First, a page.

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Saturday, August 29, 2015


22nd Sunday in Ordinary Time – B
August 30, 2015


I feel convicted today … and for good measure and for good reason. I am told to quit mere form. I am told to veer away from shallow feelings. I am told to function commensurate with the form and the accompanying feelings.

Moses told the Israelites to “hear the statutes and decrees which [he] has taught them to observe.” James, for his part, reminds everyone to be “doers of the word, and not hearers only.”

Now, the Lord has a pretty nasty word (for our politically correct generation) for everyone who subscribe only to form and feeling, not substance … And the winning word in our scrabble game today is … HYPOCRITES!

Ouch! That hurts. And why not?

We are all hypocrites in one way or another, at some time or other in our lives.

That time is now. That place is here. And that person is you and me! The Pharisees and Scribes were pretty notorious … then – and now! They focused on rituals and externals. They knew all the rules. But they knew all the tricks of the trade to break the very same rules.

They focused on externals. They zeroed in on form and feelings. Oh, what better way to control people than capitalizing on their fanatical, and “religious feelings!”

No, dear friends. A note to self, first and foremost … not lip service alone … not feelings alone. Function must follow. Action must ensue.

People are not willing to hear God-talk alone, but God-walk.

I feel convicted. I feel challenged. I need to do more than focus on form and feeling. “The one who does justice will live in the presence of the Lord.”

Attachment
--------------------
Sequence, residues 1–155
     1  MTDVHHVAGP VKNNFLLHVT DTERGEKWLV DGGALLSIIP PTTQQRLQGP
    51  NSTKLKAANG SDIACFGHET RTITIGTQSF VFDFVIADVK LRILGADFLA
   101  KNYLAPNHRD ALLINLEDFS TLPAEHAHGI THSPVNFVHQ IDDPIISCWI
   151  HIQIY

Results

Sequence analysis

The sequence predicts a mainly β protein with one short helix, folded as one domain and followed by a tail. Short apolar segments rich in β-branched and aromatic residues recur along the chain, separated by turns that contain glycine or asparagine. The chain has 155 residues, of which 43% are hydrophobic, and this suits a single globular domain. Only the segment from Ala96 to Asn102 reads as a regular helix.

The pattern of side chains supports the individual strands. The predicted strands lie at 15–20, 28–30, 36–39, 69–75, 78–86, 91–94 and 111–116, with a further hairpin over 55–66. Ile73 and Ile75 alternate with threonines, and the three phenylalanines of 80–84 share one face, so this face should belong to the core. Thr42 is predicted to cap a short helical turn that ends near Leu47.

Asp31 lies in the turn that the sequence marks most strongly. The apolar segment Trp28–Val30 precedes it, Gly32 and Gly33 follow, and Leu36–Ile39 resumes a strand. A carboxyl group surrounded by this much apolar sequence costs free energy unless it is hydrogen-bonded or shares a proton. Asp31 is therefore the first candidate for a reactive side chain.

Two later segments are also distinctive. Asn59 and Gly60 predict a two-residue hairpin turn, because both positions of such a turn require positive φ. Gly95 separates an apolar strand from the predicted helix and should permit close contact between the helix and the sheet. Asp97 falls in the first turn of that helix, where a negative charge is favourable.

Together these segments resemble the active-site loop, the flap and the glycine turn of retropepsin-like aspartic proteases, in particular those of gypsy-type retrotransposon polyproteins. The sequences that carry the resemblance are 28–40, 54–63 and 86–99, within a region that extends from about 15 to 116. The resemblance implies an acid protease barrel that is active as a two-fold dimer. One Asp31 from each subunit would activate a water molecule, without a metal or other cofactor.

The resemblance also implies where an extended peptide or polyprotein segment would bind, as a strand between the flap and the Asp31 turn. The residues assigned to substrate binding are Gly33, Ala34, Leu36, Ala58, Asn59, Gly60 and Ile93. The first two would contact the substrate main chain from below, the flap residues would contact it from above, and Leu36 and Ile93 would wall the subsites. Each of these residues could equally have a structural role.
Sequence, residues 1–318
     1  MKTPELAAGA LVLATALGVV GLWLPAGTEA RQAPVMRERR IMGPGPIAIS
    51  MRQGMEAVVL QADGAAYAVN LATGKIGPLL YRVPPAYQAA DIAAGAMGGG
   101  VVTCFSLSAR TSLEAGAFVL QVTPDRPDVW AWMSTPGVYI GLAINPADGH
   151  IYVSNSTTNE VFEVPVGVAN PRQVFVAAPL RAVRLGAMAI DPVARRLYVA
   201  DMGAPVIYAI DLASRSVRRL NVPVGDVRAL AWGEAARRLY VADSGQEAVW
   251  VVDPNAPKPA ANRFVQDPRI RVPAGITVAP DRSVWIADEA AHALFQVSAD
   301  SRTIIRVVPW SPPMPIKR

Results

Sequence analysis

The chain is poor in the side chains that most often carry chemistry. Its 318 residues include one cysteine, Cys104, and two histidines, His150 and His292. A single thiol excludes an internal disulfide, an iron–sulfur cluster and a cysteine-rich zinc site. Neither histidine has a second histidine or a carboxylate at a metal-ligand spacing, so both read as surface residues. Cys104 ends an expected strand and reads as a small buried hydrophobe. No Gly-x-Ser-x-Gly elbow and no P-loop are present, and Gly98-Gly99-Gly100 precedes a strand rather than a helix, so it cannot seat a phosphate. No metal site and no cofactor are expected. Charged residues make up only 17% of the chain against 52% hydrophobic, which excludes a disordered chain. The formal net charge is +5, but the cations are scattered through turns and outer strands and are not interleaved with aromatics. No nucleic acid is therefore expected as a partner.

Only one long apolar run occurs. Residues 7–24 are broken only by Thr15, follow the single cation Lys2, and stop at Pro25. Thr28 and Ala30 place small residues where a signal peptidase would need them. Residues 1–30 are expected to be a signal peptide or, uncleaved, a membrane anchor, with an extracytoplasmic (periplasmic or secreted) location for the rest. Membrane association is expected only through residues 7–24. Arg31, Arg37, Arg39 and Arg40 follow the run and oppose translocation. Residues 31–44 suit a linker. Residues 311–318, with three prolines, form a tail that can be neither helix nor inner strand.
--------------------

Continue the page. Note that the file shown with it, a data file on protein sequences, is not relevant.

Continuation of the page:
Saturday, August 15, 2015


20th Sunday OT_B
August 16, 2015


Wisdom is definitely what binds all three readings today. The first reading extols it, and exhorts all to pursue it: “Forsake foolishness that you may live!” The second reading makes much of it, and Paul tells us to “live, not as foolish persons but as wise, making the most of the opportunity, because days are evil.”

The Gospel presents to us who the Wisdom incarnate is … Jesus presents himself as God’s wisdom in human form, as Daniel Donovan puts it.

Now, pray, tell me … who among us does not need a good dose of this wisdom? Who among us would refuse the gift of such wisdom? The “days are evil,” yes … We feel lost. We are confused. We can’t tell who speaks the truth. We can’t anymore decide whether what we see and hear in mainstream media, in surveys, in polls, and in opinion pages, is really the truth, nothing else, nothing less, and nothing more than the truth.

I definitely could use a bit more of such wisdom. I certainly need more than just a single dosage of this wisdom. I need to acquire the virtue and the gift of wisdom that lasts, not for now, but for all time.

The pull of foolishness is strong. Its claim on the minds of people, including me, is almost unstoppable. Like everyone else, I fall for what glitters. Like most people, I get swamped by the information overload. I get carried away by propaganda, from mainstream media and big political and economic giants.

Culture is in decline, and the world of the spiritual has been covered over by the world of the material.

Today, the Lord does not just offer Himself as Wisdom personified. He also gives Himself as Wisdom to be shared … wisdom to partake of … wisdom to consume and He offers Himself as food, not only for the spirit, but also for the body.

It might help us to note that today’s gospel appears to be the climax of the whole discourse on bread, food, and heavenly sustenance. From the opening “rising action” of the feeding of the five thousand (not counting women and children!), to the developing and unfolding mystery of people looking only for material food and missing out on the spiritual side, to the point when the Lord claims directly and clearly to be “the living bread that came down from heaven,” today’s episode is a point of no return. It reaches a high point. It cannot go up higher. It needs a resolution and a conclusion, an image so well explained by Joseph Pellegrino.